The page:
The only records being promoted in most stores were Kind of blue and Bitches brew by Miles Davies, and that only made me more confused.

    Jazz was the pop music of its era, so its no surprise that most people moved on when the next big thing came along – a lot of people are claiming the same thing is happening with rock right now.
    I can see why, as i grew up in the 80s and 90s with rock being omnipresent and the only music people listened to.
    i’m glad we are moving on to different genres.

    Anyway, nowadays it’s a lot easier to find jazz, as you can go hunting on streaming services or youtube.

    As for modern jazz, i really enjoy Cecile Mclorin Salvant, Hadouk Trio and Gogo penguin.

    Also, if you thought jazz was inaccessible – i started getting really into classical this year, and it was REALLY hard figuring out what to look for in the beginning.
    In the end, the best way (for me) to find new classical music was to visit the philharmonic and check out the rest of the works of the composers i liked.
    Then came the REAL hard part, trying to find an what rendition i liked the best…

    1. Getting into Classical is tough, for sure. I always recommend that people start with Mozart. His work is so melodic and friendly that it’s easy to digest.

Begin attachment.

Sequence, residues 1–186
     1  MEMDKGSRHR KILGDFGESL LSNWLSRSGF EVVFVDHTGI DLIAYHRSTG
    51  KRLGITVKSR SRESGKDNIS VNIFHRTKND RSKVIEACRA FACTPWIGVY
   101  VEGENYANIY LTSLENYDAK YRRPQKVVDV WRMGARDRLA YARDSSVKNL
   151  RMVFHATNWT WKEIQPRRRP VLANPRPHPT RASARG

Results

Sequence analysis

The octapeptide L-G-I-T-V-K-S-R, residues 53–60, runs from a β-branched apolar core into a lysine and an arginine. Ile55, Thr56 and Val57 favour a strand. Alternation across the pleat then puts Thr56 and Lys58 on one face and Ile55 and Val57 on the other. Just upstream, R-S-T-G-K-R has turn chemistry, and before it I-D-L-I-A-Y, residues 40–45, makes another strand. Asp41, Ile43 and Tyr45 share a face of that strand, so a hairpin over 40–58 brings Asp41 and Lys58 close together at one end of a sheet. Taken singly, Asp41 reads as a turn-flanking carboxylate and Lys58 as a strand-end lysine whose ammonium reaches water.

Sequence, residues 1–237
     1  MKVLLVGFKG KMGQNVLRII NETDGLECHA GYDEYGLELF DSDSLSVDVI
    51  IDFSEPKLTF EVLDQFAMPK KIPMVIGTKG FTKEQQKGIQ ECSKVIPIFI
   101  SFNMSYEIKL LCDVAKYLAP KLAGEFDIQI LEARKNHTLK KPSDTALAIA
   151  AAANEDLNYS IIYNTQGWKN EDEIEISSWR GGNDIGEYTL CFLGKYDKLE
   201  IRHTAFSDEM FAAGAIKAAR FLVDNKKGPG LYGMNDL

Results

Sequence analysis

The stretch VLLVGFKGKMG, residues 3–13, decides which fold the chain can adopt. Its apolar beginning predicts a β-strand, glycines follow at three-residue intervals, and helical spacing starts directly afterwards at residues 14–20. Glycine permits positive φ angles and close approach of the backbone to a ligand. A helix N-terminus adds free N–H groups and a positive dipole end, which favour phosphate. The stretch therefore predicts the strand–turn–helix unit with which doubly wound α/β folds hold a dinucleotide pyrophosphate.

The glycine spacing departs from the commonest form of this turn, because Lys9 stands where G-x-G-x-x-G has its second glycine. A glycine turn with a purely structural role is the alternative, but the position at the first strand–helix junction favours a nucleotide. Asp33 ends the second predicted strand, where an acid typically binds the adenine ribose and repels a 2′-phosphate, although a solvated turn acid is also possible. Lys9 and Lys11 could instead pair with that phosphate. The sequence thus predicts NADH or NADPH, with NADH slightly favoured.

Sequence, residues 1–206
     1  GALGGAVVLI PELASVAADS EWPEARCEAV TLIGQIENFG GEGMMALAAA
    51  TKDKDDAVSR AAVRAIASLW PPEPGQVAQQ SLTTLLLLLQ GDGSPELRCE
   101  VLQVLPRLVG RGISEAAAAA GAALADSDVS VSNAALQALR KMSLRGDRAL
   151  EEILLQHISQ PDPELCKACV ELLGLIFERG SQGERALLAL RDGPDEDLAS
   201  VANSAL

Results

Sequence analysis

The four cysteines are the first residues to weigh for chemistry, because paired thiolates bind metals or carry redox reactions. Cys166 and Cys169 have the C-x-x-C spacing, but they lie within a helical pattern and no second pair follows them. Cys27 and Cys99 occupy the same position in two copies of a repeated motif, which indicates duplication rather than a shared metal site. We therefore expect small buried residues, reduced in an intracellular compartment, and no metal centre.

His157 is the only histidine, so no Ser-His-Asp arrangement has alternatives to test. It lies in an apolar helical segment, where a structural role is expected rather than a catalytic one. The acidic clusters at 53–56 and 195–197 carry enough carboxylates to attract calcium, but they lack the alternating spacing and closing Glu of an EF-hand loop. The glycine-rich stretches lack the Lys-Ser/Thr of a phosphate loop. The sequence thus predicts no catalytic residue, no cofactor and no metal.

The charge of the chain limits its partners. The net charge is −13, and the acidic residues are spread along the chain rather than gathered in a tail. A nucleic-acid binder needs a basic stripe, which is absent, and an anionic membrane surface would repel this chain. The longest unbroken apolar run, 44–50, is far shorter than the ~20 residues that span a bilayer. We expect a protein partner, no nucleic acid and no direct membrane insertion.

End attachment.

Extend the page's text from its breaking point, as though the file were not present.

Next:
1. to me it was the piano works of Prokofiev and Ravel that really sparked my interest.
        the “Krystian Zimerman/Pierre Boulez – Ravel Piano Concertos” album has been playing on repeat since i bought it this summer, and “The piano concerto for the left hand” still gives me goosebumps every time.

      1. I’m talking about the younger me, so hold that hammer for a bit longer!

        I actually bought two ECM releases this week (“komitas: seven songs” by Lusine Grigoryan and “what she said” by Tord Gustavsen) so i have long since gone down the deep dark hole of audiophilism.

  10. Thanks for the post. It’s unlikely to turn me into a serious fan, but I look forward to exploring the recordings you’ve provided.

    In another 30-40 years, I look forward to doing a similar entry on rock music (assuming it takes that long to drop down to 3% market share, which might be entirely too optimistic).

  11. Awesome Idea for a series! I love learning about new music, especially something I otherwise would have no clue on. I agree with a previous comment about Jazz seeming to be “inaccessible” and not having any clue what to look for.

    Definitely going to order a couple albums off Prime on CD to listen to on my system at home. I’m not quite old enough to be into vinyl (born in ’82), but I am frequently laughed at by friends for insisting on still buying CDs. I’m a bit of an audiophile, my living room is heavily conditioned with my home built acoustic panels for a nice tight sound.

    Spending my afternoon at the office listening to these 3 artists and figuring out which albums to buy!

    1. Excellent! For these artists in particular, I recommend the following stuff that’s pretty accessible:

      Courtney Pine: Modern Day Jazz Stories
      Joshua Redman: Wish, Moodswing